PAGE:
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How nine judges could eclipse Obama

James Nurton

The White House announcement on patent trolls has certainly grabbed attention. But for real change in patent law, look to the US Supreme Court

It’s a week since the presidential pronouncement on patent trolls, and everyone has had their say. Time magazine tells us “Everyone should care”; The Economist notes (with a neat image) that “Obama goes troll-hunting”; and even one “notorious patent troll” says it supports 10 of the 12 proposals.

As political initiatives go, the Obama plan has met with surprisingly widespread approval. But will it actually change anything? The five executive actions, which mostly affect the USPTO, will have limited impact. The seven legislative reforms, meanwhile, are likely to take a long time to reach the statute book.

As we reported last week, there are at present six competing bills in Congress, all of them seeking to tackle at least some of the problems Obama identified. These will have to be reconciled. Factor in the likely disputes over details once proper political debate starts, and the competing priorities in Congress, and it could be 2015 before any new law is effective.

However, that does not mean nothing is happening in US patent law. In the short term, change is more likely to come from the courts than the politicians.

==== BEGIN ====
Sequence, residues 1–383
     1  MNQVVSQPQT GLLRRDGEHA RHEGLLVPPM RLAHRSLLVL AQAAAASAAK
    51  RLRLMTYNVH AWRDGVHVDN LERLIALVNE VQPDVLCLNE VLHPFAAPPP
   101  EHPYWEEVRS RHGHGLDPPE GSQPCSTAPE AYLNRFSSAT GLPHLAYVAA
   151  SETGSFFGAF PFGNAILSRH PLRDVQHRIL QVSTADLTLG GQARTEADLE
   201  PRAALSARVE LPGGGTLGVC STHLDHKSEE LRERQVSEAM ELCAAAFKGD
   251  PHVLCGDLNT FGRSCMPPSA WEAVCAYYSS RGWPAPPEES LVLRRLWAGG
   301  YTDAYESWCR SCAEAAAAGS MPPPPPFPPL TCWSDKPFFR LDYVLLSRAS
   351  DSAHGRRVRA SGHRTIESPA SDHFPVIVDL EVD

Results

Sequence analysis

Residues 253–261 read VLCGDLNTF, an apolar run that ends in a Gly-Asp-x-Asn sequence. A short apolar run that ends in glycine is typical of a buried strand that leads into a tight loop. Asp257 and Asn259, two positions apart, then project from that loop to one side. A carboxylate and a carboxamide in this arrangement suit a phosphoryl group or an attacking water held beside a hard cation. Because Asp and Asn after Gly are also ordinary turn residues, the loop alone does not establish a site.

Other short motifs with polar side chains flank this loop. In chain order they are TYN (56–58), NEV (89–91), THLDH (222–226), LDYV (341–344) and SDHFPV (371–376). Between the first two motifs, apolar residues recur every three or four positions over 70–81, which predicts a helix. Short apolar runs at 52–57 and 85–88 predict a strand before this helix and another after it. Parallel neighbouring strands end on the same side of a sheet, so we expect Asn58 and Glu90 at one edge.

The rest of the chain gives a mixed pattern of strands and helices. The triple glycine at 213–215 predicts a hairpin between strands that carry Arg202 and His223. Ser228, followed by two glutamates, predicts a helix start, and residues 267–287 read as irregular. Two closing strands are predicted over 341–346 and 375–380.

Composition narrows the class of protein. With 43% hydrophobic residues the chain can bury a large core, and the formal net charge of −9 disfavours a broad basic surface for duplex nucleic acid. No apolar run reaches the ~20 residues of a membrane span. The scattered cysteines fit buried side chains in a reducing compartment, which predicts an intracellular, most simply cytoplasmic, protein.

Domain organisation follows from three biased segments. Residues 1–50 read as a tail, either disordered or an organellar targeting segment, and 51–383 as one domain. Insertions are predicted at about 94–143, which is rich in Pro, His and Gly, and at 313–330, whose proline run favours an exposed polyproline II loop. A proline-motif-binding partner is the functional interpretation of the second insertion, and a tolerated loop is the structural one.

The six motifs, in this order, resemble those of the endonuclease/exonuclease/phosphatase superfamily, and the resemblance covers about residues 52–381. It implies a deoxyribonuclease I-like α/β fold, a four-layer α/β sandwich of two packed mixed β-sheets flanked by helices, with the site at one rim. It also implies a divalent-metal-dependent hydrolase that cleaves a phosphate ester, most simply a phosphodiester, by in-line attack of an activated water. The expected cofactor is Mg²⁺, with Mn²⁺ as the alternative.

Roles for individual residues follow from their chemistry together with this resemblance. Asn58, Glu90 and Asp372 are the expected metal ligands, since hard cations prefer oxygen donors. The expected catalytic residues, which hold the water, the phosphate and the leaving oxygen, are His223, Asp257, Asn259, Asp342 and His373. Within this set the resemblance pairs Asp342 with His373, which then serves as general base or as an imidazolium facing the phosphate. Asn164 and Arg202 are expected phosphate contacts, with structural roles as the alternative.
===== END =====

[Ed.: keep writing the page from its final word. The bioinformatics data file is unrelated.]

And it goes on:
It’s clear from the Federal Circuit’s divided bench in CLS Bank, and the sometimes despairing reaction to it, that the question of when and how software should be eligible to be patented is very much alive. As Erika Arner and Lauren Dreyer argue in our latest issue, the case “seems primed for Supreme Court review”. I’d be astonished if the Court does not take up CLS Bank, or a similar case addressing Section 101.

We will be hosting a webinar on the CLS Bank case on June 18 at 12 noon EDT. Speakers include Robert Fischer and Michael Sandonato of Fitzpatrick Cella Harper & Scinto and Renny Hwang of Google, which filed an amicus brief in CLS Bank. Renny will set out Google’s position on the issue and explain why the company decided to argue its case.

Registration for the hour-long webinar is free and participants will also be able to ask questions of the panel.

So much for software. Those in the biotech field also have plenty to think about, and we have another webinar on June 27 at noon EDT focussing on patent issues for that industry, including the recent Monsanto decision on patent exhaustion and the pending Myriad case on eligibility (which may be decided by the time of the webinar).

These cases have the potential to transform patent protection in the United States at least as much as the Obama proposals, and probably much more quickly. Whichever industry you work in, wherever you are based, whether patent owner or third party, be sure to take note.


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